The actual pioneers of email were breaking new ground more than a decade before Ayyadurai concocted his dental memo system. Electronic mail predates Ayyadurai's ability to spell, let alone code. Ray Tomlinson is best known for having sent the first text letter between two computers on ARPANET in '71—y'know, an email. He also picked out the @ sign. A modest career. And despite Ayyadurai's insistence that, at the very least, he was the first to make use of the To/From/CC/BCC/etc fields we still use in Gmail today, this too is a personal fantasy. Tomlinson, who began working on early inter-computer messaging when Ayyadurai was a year old, explained to us how he became well-versed with these linchpins of modern email years before Ayyadurai drew them up on his own:

    [We] had most of the headers needed to deliver the message (to:, cc:, etc.) as well as identifying the sender (from:) and when the message was sent (date:) and what the message was about. I chose the Latin word "re" meaning "about" for this. This apparently too obscure and was replaced with "subject:". However, "re:" is still use in the subject field to refer to the subject of the message to which the message is a reply. RFC 561 documents the headers as of 1973. Before that the standard was de facto. You could include any header you wanted in a message, but you had better use to:, cc:, etc. if you wanted the receiving program to understand.

    These email underpinnings were further cemented in 1977's RFC 733, a foundational document of what became the internet itself—a full year before Ayyadurai's EMAIL project.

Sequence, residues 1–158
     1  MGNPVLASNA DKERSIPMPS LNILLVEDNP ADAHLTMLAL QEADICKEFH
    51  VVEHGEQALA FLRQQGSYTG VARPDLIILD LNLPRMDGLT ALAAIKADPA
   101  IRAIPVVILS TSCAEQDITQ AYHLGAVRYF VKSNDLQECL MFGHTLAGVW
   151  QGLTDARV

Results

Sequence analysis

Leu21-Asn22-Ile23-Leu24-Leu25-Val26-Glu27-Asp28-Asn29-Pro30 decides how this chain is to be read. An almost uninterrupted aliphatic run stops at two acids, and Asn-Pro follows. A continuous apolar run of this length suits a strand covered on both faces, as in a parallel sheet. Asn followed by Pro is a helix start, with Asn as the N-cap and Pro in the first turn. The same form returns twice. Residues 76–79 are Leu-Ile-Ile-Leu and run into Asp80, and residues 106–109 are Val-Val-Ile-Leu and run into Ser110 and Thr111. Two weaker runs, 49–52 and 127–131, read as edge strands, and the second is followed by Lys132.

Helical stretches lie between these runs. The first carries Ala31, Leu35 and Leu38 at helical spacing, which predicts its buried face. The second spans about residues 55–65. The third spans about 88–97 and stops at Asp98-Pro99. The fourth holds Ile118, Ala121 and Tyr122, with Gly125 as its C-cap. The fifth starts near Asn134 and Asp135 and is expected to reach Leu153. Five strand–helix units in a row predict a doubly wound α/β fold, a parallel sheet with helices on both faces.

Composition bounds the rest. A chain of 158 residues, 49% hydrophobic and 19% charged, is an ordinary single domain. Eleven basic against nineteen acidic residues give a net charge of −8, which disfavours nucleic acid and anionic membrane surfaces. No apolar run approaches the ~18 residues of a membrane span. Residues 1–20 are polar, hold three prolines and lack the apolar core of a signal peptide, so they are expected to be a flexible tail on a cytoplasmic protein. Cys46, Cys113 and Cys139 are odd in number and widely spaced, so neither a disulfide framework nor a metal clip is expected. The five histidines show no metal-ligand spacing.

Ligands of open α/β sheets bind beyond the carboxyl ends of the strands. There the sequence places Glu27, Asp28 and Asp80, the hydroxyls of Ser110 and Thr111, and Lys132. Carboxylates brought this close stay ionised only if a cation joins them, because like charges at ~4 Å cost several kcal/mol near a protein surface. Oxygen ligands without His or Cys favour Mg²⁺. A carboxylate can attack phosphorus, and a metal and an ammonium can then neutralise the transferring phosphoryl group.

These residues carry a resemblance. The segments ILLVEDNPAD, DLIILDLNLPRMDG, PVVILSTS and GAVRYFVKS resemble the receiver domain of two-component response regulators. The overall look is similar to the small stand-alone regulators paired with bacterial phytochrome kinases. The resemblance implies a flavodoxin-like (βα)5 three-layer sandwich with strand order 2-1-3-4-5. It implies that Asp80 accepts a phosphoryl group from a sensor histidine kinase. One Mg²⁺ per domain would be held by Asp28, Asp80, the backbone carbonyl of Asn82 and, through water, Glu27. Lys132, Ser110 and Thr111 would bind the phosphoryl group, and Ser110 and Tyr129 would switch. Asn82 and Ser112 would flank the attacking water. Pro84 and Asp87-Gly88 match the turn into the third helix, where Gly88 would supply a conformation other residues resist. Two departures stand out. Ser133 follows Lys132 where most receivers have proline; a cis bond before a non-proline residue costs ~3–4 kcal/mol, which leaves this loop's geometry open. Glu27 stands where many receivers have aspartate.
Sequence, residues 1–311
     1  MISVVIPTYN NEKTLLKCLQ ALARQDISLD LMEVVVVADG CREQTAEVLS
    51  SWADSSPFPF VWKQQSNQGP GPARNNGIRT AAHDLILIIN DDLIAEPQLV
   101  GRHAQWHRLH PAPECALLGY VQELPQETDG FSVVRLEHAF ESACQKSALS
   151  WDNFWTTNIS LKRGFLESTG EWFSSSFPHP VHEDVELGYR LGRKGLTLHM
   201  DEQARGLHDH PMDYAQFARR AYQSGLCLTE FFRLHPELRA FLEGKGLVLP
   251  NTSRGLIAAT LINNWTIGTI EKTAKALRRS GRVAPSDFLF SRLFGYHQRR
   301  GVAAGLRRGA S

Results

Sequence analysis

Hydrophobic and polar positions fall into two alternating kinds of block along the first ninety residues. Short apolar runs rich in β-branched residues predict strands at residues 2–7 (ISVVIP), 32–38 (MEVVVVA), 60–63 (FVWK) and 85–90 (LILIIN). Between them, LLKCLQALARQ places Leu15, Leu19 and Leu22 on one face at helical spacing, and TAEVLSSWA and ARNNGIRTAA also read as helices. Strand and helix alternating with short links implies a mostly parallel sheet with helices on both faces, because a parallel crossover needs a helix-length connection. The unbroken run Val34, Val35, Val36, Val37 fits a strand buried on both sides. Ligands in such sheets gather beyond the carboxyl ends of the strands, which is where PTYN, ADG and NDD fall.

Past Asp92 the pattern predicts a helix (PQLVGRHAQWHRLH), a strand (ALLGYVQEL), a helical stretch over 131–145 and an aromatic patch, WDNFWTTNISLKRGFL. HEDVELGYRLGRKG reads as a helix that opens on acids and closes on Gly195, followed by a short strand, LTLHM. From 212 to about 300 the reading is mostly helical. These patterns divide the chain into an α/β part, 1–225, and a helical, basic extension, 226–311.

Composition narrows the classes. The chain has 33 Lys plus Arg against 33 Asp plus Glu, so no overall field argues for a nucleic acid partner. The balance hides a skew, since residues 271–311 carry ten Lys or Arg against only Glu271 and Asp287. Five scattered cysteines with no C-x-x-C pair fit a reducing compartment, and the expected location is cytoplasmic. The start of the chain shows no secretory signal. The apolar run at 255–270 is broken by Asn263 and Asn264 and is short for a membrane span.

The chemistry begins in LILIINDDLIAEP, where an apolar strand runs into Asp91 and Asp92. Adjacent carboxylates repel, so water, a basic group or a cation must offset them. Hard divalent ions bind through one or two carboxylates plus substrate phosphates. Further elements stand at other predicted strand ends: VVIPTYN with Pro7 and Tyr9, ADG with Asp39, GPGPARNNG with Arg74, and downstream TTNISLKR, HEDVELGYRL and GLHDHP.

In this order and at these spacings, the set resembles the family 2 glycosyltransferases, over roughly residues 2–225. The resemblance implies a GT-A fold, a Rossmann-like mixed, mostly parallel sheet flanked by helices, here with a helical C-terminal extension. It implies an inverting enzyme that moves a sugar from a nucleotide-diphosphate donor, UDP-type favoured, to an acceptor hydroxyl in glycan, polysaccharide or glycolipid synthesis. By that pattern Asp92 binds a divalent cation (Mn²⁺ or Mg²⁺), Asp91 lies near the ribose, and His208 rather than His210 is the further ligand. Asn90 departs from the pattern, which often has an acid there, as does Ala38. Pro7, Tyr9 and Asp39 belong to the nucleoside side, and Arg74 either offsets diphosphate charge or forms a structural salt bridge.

It was rough around the edges, but it was email. The work of Tomlinson and his peers was limited, but so too was the internet—and both exploded together. But ask Ayyadurai, and he dismisses it all—these messages weren't email, but "messages" and nothing more, relegated to some inferior class of communications that he compares to everyday "text messaging and morse code." It was all just sloppy streams of letters until he made EMAIL—and only then did the system behind Gmail, BlackBerry, and every computer on the planet see light.

    But Ayyadurai's claim that he revolutionized how those messages are sent isn't uncontested either. Dave Crocker, another eminent figure in the history of actual email, calls Ayyadurai's posturing "theatrical," rattling off a fat list of email clients—MSG, SNDMSG, HERMES, MS—that did pretty much what EMAIL did, years and years before Ayyadurai started coding. "For a 14 year old his work was impressive," Crocker told us over the phone. "What he's saying about it now as a much older adult is also impressive—but in a very different way."

    It's possible Ayyadurai was the first to come up with the term "EMAIL." That alone would be a feat. "In 1971, we called them 'messages,'" explains Tomlinson, a man so accomplished he can casually mention such things. But even that claim is tenuous, as Crocker points to a scholarly journal titled "EMMS; Electronic Mail and Message Systems." It was published a year before Ayyadurai did anything. "Newsletters for a topic don't usually start before the topic has been invented," says Crocker.